Workers’ Compensation Settlement Guide

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Written By Rocky Horton

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A workers’ compensation settlement involves facing the legal, physical, and financial consequences of an injury you sustained because of your work. Though individual workers’ comp settlements differ, the steps involved in calculating, filing, and settling these claims remain consistent.

Continue reading to learn more about workers’ compensation settlements, including how to calculate your case, exemptions you should watch out for, how long the case should take, how to file your case, and how a personal injury attorney can help you navigate this complex process.

Remember that your employer, their insurers, and your own insurance adjuster are not your allies in your case. Only an experienced work injury lawyer can help when it comes to getting the compensation you deserve for injuries sustained at work.

What is Workers’ Compensation?

Workers’ compensation is insurance usually required by law that your employer purchases to protect their workers in case of an accident. Note that every U.S. state except Texas requires businesses to buy these policies.

Any business could participate in the workers’ comp insurance program, but these are the ones required by law:

  • Any business with four or more employees (part-time and full-time)
  • Any agency of a local or state government
  • Any business in the construction industry with at least one employee
  • Any business in the farming industry with at least 5 regular workers or at least 12 seasonal workers that work at least 30 days

Workers’ comp includes insurance coverage for medical costs and sometimes for additional coverage limits on specific types of injuries, depending on the work. Any claims made through workers’ comp are processed by the state’s Workers’ Compensation Board.

Note that if an insurer denies coverage for a covered injury, the board steps in and ensures that the worker receives compensation for the injuries they sustained.

How Does Workers’ Compensation Work?

Workers’ compensation is bought by the employer to cover their employees. Employees never pay into workers’ comp to receive cash benefits or medical care coverage. Those fees are redirected to the employer’s insurer.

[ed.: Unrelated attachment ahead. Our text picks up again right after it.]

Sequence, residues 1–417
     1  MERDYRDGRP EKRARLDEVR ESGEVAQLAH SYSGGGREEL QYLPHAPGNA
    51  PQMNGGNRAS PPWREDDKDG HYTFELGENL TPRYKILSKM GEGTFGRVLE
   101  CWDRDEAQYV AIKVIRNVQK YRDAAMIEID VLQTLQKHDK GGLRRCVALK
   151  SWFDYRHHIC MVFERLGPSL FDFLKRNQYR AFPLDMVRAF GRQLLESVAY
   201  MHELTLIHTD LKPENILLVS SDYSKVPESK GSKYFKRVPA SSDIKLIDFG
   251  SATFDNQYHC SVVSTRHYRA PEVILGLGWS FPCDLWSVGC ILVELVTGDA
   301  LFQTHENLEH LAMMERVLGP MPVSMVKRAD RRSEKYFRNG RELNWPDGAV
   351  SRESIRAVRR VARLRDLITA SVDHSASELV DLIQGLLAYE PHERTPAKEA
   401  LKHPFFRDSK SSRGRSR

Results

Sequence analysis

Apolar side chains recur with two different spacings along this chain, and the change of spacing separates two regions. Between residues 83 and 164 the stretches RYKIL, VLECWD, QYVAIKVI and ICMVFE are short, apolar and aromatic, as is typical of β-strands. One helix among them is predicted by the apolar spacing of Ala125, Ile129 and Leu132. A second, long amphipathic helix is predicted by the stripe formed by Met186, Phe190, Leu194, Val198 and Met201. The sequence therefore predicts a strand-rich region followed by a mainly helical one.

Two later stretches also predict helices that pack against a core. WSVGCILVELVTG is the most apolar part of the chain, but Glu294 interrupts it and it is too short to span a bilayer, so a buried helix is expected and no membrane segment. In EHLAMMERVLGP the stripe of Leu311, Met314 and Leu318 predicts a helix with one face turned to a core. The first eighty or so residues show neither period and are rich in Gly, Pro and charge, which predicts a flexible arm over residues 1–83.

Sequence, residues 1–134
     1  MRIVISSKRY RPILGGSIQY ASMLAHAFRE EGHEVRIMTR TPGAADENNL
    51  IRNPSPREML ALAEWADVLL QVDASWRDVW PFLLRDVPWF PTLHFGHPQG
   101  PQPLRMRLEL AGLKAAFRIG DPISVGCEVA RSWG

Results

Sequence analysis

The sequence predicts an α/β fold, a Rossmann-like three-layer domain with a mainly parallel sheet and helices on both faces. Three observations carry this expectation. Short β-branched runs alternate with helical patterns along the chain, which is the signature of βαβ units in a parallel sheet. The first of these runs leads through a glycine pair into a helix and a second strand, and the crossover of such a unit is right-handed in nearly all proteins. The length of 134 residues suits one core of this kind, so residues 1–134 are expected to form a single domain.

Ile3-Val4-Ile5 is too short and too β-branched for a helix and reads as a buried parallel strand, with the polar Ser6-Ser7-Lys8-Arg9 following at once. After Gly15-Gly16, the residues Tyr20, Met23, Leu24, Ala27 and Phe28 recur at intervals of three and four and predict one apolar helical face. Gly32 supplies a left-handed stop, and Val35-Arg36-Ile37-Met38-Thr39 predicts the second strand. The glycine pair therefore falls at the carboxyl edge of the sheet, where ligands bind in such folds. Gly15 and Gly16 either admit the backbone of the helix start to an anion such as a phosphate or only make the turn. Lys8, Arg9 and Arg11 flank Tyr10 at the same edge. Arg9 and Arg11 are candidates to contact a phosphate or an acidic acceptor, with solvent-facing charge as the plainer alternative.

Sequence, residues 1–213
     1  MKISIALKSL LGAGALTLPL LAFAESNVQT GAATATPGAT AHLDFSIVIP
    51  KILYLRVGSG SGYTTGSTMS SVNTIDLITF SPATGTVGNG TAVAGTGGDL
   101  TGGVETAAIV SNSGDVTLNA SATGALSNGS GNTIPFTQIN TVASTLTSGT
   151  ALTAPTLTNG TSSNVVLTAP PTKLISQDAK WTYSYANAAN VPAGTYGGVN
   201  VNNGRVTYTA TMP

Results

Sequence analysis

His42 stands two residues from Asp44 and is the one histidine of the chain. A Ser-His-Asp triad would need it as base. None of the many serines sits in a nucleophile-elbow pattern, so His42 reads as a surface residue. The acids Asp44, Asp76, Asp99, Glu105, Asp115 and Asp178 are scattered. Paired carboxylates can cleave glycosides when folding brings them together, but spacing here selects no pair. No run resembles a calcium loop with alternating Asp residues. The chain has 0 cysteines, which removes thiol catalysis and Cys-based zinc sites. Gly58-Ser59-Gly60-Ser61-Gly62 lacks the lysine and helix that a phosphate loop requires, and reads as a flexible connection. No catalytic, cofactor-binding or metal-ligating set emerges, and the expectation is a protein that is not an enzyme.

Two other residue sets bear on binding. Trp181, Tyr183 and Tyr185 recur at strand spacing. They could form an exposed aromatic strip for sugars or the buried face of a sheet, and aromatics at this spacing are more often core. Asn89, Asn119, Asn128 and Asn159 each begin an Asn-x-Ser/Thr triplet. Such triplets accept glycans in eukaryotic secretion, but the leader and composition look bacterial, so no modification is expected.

If a workers’ compensation settlement becomes necessary, the case does not go to court to determine fault as would be the case in a separate personal injury lawsuit. Instead, the worker is compensated for the cost of their medical care and loss of wages regardless of the employer’s degree of fault or the worker’s degree of carelessness at the time of the accident.

However, workers’ comp may not cover injuries if the employee was impaired by alcohol or drugs at the time of the accident or intended to harm themselves or others. Even in that case, however, the board would have to decide if their impairment was the sole cause of the accident or if a partial settlement is warranted.

Workers’ Compensation Settlements Overview

Claims can only be paid in a workers’ comp settlement if the injury or illness in question is verified to be work-related. Due to the wide range of possible injuries, some of which are chronic rather than acute, employers sometimes dispute claims.

In that case, the workers’ compensation settlement would go to court before a judge, who would have to decide based on the available evidence if the injury was sustained as a result of the claimant’s work.

Employers rarely dispute claims involving an isolated incident, such as a worker falling off a scaffold. However, a claim involving long-term illness, such as cancer development due to exposure to toxins at work, could be more easily appealed. Medical evidence and in-depth examinations would be required to determine the cause of the injury.

Note that while the workers’ compensation settlement is being ruled, the worker may be able to collect disability benefits to help pay for their injuries and their loss of work. The reward money does not add to the settlement, however, as any payments made for disability will be later subtracted from any compensation they receive from the workers’ comp settlement.

How to Calculate Your Workers’ Compensation Settlement?

The basic rule for calculating the workers’ compensation rate is to divide the estimated annual salary of the employee by 100 and then multiply the result by the premium rate mandated by the Workers’ Compensation Board based on the employee’s class code.

This means that workers’ compensation rates differ by state and even between different employees at the same business. Employers will adjust their worker’s compensation rates at the end of the year if the final payroll differed from the projected amount used to calculate the rate during the previous term.

Other factors that change the premium rate for workers’ comp include the location of the business, based on statistics of injury rates and other factors for that area, and the experience level of that business’s employees. Less experienced employees are almost always more expensive to insure.

How Long Do Most Workers’ Compensation Settlements Take?